Child support is always going to be modifiable based on a material change in circumstances. Whether you’ve gotten a raise, got fired, moved, had a new baby, gotten remarried, or whatever—it can all constitute a material change in circumstances. If you or your child’s father petition the court to recalculate child support (as long as you don’t try to petition again as soon as your previous order was entered), the court will hear it.
If you’ve gotten a promotion, child support will likely be raised; if you (or your husband) have been fired, child support will likely be lowered.
The general rule is that you can’t petition the court until about 6 months have passed since your last order was entered, but it is definitely a possibility that you’ll be in and out of court relatively often (especially if your child’s father is litigious) until your child reaches the age of 18.
Can I get MORE child support?
Now we’re getting to the gist of why the woman I met with was so upset with me. Her child’s father had recently quit his third job in as many months, and was petitioning (again) to have child support lowered. There were some other issues, too, but mostly she was angry that he could quit a job and then pay less in support.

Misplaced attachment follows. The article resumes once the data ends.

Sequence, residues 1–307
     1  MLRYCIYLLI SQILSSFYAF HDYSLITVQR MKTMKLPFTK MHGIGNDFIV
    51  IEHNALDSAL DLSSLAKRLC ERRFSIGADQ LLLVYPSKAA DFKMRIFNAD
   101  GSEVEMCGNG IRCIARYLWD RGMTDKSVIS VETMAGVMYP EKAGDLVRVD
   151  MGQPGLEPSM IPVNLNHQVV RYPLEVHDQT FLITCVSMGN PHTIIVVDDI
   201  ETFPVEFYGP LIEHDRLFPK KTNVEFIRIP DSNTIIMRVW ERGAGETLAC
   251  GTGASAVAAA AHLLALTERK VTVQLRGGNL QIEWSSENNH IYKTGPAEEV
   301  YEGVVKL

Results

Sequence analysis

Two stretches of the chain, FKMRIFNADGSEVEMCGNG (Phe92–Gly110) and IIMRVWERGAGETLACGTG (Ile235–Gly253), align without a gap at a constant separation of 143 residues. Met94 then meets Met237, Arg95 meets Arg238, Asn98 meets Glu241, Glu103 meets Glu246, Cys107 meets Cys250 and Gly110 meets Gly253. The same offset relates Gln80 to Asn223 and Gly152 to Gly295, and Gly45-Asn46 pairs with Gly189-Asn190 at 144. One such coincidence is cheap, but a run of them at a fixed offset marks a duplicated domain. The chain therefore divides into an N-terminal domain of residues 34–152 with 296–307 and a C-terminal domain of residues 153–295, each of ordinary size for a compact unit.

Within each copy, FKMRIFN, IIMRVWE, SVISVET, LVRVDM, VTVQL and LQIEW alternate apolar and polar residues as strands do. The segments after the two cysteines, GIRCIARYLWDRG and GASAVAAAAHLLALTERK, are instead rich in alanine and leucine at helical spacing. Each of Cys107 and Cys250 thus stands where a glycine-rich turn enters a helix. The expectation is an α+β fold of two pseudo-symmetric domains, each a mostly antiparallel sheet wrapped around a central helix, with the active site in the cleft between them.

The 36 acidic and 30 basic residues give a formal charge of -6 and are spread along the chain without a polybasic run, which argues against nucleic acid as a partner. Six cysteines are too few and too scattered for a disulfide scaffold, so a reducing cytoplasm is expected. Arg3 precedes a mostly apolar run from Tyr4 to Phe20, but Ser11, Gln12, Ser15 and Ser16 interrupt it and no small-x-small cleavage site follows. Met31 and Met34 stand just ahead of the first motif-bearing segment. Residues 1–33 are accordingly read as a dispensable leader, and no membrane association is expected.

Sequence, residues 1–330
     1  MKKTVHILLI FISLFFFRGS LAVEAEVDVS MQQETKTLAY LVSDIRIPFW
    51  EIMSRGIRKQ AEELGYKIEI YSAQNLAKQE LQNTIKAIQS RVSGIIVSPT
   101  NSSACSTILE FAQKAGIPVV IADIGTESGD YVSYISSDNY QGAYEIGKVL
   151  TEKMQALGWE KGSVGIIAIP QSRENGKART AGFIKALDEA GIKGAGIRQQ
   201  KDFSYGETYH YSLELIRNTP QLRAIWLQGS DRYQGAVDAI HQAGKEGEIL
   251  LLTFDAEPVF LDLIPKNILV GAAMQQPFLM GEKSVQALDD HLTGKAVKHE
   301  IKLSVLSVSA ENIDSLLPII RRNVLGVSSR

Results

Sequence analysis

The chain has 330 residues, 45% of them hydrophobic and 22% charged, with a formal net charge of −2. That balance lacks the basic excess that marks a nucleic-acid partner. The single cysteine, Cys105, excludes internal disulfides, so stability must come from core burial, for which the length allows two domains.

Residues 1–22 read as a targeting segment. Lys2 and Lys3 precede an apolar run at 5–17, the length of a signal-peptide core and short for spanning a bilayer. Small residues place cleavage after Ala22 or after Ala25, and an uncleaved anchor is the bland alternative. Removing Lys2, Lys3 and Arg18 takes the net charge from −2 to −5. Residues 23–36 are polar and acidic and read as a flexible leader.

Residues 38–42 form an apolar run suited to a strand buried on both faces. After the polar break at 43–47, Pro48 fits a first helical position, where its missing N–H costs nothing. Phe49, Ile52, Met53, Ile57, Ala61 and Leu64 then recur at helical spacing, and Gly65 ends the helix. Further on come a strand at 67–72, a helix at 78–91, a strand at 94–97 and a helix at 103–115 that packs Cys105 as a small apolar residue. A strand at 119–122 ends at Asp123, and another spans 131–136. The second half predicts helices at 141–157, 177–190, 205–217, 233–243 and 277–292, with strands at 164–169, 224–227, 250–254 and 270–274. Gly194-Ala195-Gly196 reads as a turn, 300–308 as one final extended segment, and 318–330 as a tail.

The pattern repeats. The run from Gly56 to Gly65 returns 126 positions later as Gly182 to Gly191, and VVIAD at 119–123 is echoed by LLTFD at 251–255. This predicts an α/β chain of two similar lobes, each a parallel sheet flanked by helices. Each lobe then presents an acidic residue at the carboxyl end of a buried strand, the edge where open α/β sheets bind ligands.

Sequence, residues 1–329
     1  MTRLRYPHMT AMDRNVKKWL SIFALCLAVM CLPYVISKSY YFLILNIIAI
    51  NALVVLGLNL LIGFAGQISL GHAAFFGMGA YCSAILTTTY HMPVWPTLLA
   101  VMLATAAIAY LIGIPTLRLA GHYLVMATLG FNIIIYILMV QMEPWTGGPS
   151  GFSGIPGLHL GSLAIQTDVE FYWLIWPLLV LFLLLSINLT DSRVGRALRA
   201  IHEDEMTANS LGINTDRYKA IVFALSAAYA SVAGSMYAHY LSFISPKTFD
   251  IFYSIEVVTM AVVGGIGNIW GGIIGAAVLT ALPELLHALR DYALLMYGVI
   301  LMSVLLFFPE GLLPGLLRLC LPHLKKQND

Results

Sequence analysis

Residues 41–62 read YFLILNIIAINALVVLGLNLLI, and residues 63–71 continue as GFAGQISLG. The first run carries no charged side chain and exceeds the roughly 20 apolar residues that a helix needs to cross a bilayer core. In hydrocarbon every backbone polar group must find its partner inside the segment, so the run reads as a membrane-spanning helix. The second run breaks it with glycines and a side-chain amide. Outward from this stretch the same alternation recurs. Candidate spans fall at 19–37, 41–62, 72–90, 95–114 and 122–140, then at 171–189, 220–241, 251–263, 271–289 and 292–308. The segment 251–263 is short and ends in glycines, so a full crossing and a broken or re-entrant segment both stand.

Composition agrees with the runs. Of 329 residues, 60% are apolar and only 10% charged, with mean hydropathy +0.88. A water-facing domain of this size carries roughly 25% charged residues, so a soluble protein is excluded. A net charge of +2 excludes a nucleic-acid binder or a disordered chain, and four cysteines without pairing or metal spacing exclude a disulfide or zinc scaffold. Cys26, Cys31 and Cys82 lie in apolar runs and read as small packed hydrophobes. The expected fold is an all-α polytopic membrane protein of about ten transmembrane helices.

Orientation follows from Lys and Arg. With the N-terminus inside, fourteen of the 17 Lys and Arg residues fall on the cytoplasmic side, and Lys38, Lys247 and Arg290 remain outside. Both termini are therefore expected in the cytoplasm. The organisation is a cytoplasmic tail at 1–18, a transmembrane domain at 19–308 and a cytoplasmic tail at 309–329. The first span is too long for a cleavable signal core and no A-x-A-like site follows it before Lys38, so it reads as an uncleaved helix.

It didn’t seem fair to her. I agree—it doesn’t seem fair to me, either. But I tried to explain to her that child support really is just a calculation; if he’s earning less, the formula will require him to pay less.
If she wants more (she didn’t want more, really, she just didn’t want it lowered) than the formula would give her, she had a couple of options. She could either argue that the judge could impute income to him, or argue that she deserves a deviation.
Imputation of income
We’ve talked about imputation of income before, but mostly when it comes to spousal support cases. In a spousal support case, a husband can’t say, “Screw you! I’m going to go flip burgers just so you don’t receive a penny of support from me!” In that kind of case, if he quits a high paying job, the judge could order that the income he was earning before he quit could be imputed to him, making him responsible for paying support based on that amount, rather than whatever he’d earn flipping burgers.